Six months on, I don't regret switching from an iPad to an M1 MacBook Pro

Macbook Pro 14-inch
(Image credit: TechRadar)

Back in June 2021, I mentioned that after the announcement of iPadOS 15, I was ready to move on from the iPad-only lifestyle. The workflow that I had for the previous five years had changed so much, that iPadOS had outgrown me.

Because of this, I was waiting for a Mac that not only offered a faster M1 chip that was rumored at the time, but a better keyboard. This finally arrived in October 2021 with the arrival of the MacBook Pro 14-inch, and my iPad Pro was sold.

However, as we're approaching WWDC, Apple's yearly conference where new software updates are usually announced, it's caused to reflect on the areas that could make macOS, and the Mac as a whole, more appealing to gamers and streamers.

A little history

iTunes in June 2009

(Image credit: TechRadar)

I've been a Mac user since August 2006, ever since I carried back an Intel 24-inch iMac from the store, in the white acrylic design that was common across most of Apple's products during that era. Loading up Mac OS X 10.4 Tiger, which was the naming style at the time, it was worlds apart from what Windows XP offered in the same year.

Eventually, I'd switch to a MacBook Pro, then a MacBook Air, but Intel chips started to feel like a bottleneck to what the Macs were capable of, so I decided to use an iPad full-time between 2015 and 2021.

But with iPadOS 15, there were no major features that offered to help the workflow that I had grown accustomed to, and I didn't have the patience to wait another year to see what iPadOS 16 offered.

Being able to use apps that are barred from the App Store felt freeing - Parallels Desktop, Steam, and apps by developers that would be made available to use in GitHub felt like a breath of fresh air on the Mac, and six months on, it still does.

However, having this coupled with the return of a reliable keyboard, more ports, and ProMotion, which allows the MacBook display to run at 120Hz, makes this one of the best Macs I've owned. But macOS could go further.

Gaming - the next frontier for macOS?

Sonic Generations running in Parallels Desktop 17 on an M1 Pro MacBook Pro

(Image credit: Future)

Being able to run a game within Steam, in Windows 11, within Parallels Desktop, a popular virtualization software, has not gotten old for me since I first tried it out in December 2021.

Running Sonic Generations and Metal Gear Solid V, both exclusive to Windows, but at full speed on a Mac is impressive, but shows where Apple is lacking for macOS.

Apple Arcade satisfies a casual gaming audience, where Angry Birds and Cut the Rope are seeing revivals through this subscription service. But if you want to play something more substantial, such as Elden Ring on a Mac, you're out of luck, unless you look into Parallels, Crossover, or other virtualized software.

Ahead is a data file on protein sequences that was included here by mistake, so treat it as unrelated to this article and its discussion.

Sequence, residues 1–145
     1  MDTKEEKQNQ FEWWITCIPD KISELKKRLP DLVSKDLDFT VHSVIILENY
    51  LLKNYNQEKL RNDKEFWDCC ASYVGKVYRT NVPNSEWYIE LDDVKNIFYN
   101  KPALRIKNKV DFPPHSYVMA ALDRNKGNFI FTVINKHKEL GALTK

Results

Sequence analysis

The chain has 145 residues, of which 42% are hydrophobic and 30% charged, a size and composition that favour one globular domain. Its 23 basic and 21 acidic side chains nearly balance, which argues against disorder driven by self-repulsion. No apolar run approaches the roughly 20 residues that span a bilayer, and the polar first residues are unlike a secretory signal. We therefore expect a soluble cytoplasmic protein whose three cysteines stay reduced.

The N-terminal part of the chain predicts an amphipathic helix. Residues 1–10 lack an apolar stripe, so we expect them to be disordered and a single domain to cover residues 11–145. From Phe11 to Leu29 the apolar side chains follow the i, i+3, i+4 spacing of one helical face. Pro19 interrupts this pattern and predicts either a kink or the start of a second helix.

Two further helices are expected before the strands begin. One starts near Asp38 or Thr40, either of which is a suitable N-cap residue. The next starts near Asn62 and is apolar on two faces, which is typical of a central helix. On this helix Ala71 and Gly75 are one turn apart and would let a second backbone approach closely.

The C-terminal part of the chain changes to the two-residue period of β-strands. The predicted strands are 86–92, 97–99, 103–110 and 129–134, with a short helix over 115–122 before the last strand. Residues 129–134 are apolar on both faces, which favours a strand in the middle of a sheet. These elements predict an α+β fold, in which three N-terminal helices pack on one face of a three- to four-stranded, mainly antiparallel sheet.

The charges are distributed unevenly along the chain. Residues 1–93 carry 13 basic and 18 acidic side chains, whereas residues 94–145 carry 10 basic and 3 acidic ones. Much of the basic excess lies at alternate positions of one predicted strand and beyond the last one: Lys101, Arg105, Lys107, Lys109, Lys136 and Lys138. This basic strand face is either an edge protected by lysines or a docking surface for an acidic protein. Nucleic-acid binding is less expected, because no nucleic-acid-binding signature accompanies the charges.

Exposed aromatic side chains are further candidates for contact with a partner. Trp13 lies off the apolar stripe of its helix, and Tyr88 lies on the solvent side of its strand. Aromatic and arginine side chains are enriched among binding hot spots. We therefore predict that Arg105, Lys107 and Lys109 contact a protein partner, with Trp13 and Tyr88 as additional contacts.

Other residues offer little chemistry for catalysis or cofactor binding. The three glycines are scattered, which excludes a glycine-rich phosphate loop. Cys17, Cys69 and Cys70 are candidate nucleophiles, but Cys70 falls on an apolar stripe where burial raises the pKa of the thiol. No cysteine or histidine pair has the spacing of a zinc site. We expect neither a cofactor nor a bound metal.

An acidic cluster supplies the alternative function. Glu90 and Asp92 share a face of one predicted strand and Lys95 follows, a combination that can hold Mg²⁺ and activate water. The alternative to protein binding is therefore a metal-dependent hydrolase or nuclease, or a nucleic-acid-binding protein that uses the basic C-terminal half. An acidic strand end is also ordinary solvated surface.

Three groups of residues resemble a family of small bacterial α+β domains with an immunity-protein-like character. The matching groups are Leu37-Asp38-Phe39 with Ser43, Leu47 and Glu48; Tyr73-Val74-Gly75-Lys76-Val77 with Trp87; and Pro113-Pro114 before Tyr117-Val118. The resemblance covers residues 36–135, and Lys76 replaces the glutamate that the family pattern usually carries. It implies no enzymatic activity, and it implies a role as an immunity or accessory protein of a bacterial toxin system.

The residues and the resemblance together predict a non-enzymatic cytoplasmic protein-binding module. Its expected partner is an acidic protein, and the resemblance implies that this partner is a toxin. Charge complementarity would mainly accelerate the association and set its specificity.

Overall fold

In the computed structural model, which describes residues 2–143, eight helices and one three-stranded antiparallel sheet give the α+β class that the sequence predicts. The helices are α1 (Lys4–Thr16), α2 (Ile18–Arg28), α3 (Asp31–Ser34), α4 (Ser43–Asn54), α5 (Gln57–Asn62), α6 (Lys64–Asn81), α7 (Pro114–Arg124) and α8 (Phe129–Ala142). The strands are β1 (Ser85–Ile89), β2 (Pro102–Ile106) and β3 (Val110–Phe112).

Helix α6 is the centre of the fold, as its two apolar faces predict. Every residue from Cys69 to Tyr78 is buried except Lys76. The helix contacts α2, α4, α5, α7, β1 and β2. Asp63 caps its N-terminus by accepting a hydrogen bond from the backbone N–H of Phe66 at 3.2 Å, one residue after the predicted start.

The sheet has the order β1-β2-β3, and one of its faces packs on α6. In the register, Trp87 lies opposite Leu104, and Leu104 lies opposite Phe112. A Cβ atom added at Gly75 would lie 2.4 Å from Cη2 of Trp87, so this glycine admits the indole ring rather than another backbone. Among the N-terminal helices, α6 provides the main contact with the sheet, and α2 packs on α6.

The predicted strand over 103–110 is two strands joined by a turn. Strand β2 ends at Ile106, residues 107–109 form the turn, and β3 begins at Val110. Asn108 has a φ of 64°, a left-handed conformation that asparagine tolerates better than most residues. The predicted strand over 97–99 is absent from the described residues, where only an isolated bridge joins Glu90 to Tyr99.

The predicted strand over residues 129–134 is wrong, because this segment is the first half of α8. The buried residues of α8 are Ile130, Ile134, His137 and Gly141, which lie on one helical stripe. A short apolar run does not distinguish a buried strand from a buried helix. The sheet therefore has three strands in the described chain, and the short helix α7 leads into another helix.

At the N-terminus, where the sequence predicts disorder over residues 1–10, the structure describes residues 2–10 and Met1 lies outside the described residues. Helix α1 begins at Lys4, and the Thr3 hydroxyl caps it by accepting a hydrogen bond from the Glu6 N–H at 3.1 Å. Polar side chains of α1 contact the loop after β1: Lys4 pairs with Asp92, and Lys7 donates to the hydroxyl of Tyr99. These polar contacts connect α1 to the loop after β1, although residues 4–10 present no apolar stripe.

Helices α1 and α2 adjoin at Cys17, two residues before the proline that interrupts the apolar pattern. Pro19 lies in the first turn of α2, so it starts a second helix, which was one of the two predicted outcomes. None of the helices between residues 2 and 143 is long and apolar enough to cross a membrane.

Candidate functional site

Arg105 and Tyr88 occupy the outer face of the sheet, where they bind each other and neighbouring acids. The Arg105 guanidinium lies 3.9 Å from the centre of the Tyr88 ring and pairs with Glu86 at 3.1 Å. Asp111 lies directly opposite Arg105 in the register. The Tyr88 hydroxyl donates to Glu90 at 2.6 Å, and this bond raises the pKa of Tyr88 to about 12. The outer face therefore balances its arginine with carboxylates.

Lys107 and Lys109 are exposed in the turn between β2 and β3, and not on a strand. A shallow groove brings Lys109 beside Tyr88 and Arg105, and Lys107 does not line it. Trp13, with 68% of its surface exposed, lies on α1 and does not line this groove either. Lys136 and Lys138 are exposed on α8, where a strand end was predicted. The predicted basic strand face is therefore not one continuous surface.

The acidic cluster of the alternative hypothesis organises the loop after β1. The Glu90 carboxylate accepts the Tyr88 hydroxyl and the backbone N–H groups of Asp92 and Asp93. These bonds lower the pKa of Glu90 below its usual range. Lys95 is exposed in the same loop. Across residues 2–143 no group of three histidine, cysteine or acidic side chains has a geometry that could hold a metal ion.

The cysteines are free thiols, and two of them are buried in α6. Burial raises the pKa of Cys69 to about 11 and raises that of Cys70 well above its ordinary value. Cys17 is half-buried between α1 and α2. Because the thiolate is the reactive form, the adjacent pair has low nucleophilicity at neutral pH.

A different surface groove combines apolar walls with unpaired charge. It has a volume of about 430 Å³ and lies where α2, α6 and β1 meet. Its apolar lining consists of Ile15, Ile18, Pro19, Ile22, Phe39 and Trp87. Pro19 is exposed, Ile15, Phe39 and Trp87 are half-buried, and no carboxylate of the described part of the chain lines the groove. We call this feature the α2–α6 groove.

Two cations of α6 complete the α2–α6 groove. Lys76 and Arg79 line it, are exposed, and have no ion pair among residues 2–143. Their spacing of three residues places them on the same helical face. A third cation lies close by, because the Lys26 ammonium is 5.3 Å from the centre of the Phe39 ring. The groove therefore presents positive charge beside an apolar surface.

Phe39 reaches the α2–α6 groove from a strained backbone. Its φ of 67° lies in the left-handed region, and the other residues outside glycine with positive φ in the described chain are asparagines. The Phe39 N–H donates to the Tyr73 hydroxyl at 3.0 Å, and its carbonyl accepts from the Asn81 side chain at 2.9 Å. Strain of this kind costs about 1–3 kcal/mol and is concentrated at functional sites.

It may be a wild concept to consider, but Halo was first publicly shown at an Apple event, back in 1999. Even though there were moments like this that showed hope of gaming being a priority for the company on the Mac, it would constantly be forgotten about.

John Carmack, a co-creator of DOOM, spoke about a time when he would chat to Steve Jobs, Apple's co-founder and ex-CEO, several times about games and the graphics package that was used on Macs for developers, only for it to fizzle out.

With rumors of an Apple headset arriving soon, the time is now to see gaming be as important as productivity and speed that the company has always strived for on macOS. It should be easier to stream games on a Mac. It should be easier for developers to port their games to the Mac.

Oddly, gaming controllers are easier than ever to be used on a Mac, but if the only available games are Angry Birds and Lego Star Wars, there won't be a major uptake of this to users who want to pass the time on a commute for example.

The Mac is seeing one of its biggest resurgences in years, thanks to the move to Apple Silicon, and a better focus on the Mac hardware. It's now time for gamers to reap the benefits of this moment, and save some of the bother of using virtualization to play our favorite games.

Daryl Baxter
Software & Downloads Writer

Daryl had been freelancing for 3 years before joining TechRadar, now reporting on everything software-related. In his spare time he's written a book, 'The Making of Tomb Raider', alongside podcasting and usually found playing games old and new on his PC and MacBook Pro. If you have a story about an updated app, one that's about to launch, or just anything Software-related, drop him a line.